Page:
I’m working with a Khmer script project in which they want \nd to be underlined. The trouble is that the first letter of the word meaning “lord” has a deep descender. If the underline is placed low enough to be below the descender then it’s just too far from the majority of the text, especially in cases where \nd is used on a word without a descender. I’m actually simplifying the problem, since the “first letter” visually is actually the 4th character in the string, due to the beauty of Khmer Unicode re-ordering rules. \nd ប៉្រ័ះ ប៊កកាតយ័\nd*
Substituting English to keep it simple, I used changes.txt to change \nd god Yahweh\nd* to god\zul\u0332\zul*\nd\ Yahweh\nd*.
The \zul style reduces the font size and sets stretch to 200% so that the single \u0332 character nicely underlines both the “o” and “d” of “god”, while skipping the “g”.
The "\ " (slash space) before “Yahweh” causes \nd to underline the space between “god” and “Yahweh”, so it all worked beautifully—until I got to a paragraph which I’d shrunk using the \p^95 notation, which seems to reset to 100% the stretch on my \zul style, leaving only the last letter of “god” underlined.
Ideal would be a check box to cause underlining to dropout at all descenders, but a quick search leads me to believe that this is not a simple thing in TeX.
I feel like I took a wrong turn 49 miles ago and I’m looking for some other suggestions.
How can I make a nice underline of the words ប៉្រ័ះ ប៊កកាតយ័ — and something that will also work for the word អាញ់?
Hmm. I’m not sure why the ^95 is overriding the 200% stretch of your character style. That sounds like the paragraph styling is overriding the character styling, when it should probably be multiplying or just leaving the char style unaffected. So I would call that a bug. Hopefully it won’t be too hard to fix it.
I don’t know if it’s a worthwhile approach, but in a relatively recent update, I made it so that negative underline positions mean the underline is relative to the baseline, rather than relative to the descenders. You end up with crossed out descenders, so that might not be what you want either.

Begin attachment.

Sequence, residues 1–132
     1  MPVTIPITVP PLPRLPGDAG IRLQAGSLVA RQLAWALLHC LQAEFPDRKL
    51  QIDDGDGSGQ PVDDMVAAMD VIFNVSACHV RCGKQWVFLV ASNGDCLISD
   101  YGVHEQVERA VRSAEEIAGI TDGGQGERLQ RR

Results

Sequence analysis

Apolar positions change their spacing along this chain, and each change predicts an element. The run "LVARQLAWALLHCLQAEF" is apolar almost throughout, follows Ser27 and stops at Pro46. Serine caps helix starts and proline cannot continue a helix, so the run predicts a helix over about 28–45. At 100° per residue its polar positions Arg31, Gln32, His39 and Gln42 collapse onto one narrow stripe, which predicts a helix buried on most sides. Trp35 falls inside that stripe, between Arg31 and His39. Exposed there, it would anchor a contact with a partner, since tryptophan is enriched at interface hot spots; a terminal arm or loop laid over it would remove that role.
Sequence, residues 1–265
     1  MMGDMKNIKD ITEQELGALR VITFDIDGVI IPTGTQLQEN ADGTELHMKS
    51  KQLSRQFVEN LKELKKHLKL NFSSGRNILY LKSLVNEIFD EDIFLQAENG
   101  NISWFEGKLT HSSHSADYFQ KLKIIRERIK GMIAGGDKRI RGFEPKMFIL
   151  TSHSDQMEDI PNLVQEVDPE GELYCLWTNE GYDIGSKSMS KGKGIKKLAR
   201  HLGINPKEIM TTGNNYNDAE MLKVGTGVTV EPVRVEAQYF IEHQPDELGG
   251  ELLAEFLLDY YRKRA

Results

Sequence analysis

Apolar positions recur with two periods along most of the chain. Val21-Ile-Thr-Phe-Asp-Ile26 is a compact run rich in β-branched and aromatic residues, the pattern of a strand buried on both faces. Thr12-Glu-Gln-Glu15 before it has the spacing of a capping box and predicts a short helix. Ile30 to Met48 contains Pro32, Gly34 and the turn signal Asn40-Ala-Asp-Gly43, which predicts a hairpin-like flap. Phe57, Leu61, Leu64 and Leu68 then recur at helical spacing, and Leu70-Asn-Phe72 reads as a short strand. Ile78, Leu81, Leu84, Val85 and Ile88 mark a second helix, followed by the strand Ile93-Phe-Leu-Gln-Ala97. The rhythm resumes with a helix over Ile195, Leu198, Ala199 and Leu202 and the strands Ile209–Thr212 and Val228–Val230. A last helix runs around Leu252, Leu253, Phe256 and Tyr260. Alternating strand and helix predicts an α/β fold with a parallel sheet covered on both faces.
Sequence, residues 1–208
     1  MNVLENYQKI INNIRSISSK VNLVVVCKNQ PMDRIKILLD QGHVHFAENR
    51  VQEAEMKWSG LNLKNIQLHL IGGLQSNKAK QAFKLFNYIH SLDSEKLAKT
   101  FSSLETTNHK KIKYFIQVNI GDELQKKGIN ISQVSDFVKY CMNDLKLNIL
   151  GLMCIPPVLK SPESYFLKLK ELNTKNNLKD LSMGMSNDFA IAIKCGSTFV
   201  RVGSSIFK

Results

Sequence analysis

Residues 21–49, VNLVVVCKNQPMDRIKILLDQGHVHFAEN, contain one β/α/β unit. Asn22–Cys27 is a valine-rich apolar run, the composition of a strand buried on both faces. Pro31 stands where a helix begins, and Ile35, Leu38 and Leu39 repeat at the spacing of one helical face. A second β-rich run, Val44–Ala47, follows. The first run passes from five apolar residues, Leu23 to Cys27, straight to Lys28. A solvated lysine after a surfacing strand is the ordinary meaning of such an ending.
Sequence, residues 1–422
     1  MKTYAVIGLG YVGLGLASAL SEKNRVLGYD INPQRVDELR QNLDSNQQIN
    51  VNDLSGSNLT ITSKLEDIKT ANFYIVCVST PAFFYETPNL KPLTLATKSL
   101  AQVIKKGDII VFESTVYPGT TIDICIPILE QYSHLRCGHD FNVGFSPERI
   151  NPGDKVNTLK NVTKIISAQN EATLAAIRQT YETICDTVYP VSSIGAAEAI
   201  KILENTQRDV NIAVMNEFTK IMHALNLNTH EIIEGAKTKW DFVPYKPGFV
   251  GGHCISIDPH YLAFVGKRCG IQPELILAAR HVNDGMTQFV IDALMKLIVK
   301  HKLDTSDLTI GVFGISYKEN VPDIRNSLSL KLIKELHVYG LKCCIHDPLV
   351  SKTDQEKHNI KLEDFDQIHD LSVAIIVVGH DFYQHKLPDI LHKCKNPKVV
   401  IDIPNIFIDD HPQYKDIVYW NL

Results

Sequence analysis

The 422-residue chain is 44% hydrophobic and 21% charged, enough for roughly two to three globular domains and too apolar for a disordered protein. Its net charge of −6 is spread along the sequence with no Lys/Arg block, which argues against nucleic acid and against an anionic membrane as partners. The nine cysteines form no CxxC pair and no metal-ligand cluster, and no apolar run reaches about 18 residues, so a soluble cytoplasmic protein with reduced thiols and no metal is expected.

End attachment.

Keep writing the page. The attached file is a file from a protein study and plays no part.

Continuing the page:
Not underlining characters with descenders… even if there were a way to split up the text into letters (probably not impossible, but still very very hard when you take into account things like nesting character styles, footnotes and the extra magic that verse numbers add) the problem is that while “T” has no descent, even things like “e” have a little bit of a descent - 0.146pt on 10pt Gentium), so depth>0pt won’t work, and there’d still need to be some kind of logic to distinguish ‘this is just a normal letter with a curved base’ from ‘this letter has a real descender’.
I believe the issue is now (partially) fixed in 2.3.1. A character style that has a stretch set now multiplies its value with whatever stretch was previously set in the paragraph, whether that is from a p^95 type adjustment or a paragraph style with stretched text. This ought to mean that if your \u0332 is the right width to underline “o” and “d” in a normal sized paragraph, it should scale properly in a stretched/shrunk paragraph too.
The full fix (I hope!) will be in 2.3.2, and will give the behaviour as outlined below (if you set stretch to 200% in the UI, you have ‘fixed’ wide characters):
This fix would let your \zul stretch be independent of the stretch set by a paragraph style (if you defined a p_95), but not one set by ^95, hopefully giving you all the control you might want.
Note that if you want to use the ‘feature-inheritance’ described above, or change the limits past what the user interface allows you, you will almost certainly have to hand-edit the ptxprint-mods.sty override style sheet, and maybe read some documentation, too!
For your final sentence… I wonder if underlining right on the baseline might work, or just look horrible? You can set the ‘Underline vertical position’ to be -0.01, and that should be about 0.1pt below the baseline (depending on your font-size):
(that’s on the Advanced tab).
Or you could set it even closer by putting this in your ptxprint-mods.tex: